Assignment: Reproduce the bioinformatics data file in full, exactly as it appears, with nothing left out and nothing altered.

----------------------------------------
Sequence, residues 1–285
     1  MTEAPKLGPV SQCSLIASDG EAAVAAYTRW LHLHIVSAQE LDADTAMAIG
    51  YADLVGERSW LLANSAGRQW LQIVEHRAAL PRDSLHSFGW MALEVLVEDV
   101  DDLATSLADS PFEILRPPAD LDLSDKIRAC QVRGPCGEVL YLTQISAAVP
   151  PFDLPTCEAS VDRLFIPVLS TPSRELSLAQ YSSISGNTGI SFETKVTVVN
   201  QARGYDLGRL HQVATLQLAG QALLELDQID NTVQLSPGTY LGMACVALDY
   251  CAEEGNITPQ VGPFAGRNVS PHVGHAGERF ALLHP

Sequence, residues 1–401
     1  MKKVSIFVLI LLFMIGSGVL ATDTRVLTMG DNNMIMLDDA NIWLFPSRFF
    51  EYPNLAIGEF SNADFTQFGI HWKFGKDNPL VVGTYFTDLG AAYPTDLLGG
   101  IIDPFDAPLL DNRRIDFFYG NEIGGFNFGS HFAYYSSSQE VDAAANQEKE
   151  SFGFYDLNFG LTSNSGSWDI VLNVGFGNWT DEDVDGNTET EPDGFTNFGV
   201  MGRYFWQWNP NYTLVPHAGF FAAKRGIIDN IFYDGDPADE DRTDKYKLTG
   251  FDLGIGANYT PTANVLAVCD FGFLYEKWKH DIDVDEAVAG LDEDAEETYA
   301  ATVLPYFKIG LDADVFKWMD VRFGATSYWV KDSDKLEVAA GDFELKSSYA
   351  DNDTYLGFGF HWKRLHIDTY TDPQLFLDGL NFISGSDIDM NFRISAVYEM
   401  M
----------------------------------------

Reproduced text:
Sequence, residues 1–285
     1  MTEAPKLGPV SQCSLIASDG EAAVAAYTRW LHLHIVSAQE LDADTAMAIG
    51  YADLVGERSW LLANSAGRQW LQIVEHRAAL PRDSLHSFGW MALEVLVEDV
   101  DDLATSLADS PFEILRPPAD LDLSDKIRAC QVRGPCGEVL YLTQISAAVP
   151  PFDLPTCEAS VDRLFIPVLS TPSRELSLAQ YSSISGNTGI SFETKVTVVN
   201  QARGYDLGRL HQVATLQLAG QALLELDQID NTVQLSPGTY LGMACVALDY
   251  CAEEGNITPQ VGPFAGRNVS PHVGHAGERF ALLHP

Sequence, residues 1–401
     1  MKKVSIFVLI LLFMIGSGVL ATDTRVLTMG DNNMIMLDDA NIWLFPSRFF
    51  EYPNLAIGEF SNADFTQFGI HWKFGKDNPL VVGTYFTDLG AAYPTDLLGG
   101  IIDPFDAPLL DNRRIDFFYG NEIGGFNFGS HFAYYSSSQE VDAAANQEKE
   151  SFGFYDLNFG LTSNSGSWDI VLNVGFGNWT DEDVDGNTET EPDGFTNFGV
   201  MGRYFWQWNP NYTLVPHAGF FAAKRGIIDN IFYDGDPADE DRTDKYKLTG
   251  FDLGIGANYT PTANVLAVCD FGFLYEKWKH DIDVDEAVAG LDEDAEETYA
   301  ATVLPYFKIG LDADVFKWMD VRFGATSYWV KDSDKLEVAA GDFELKSSYA
   351  DNDTYLGFGF HWKRLHIDTY TDPQLFLDGL NFISGSDIDM NFRISAVYEM
   401  M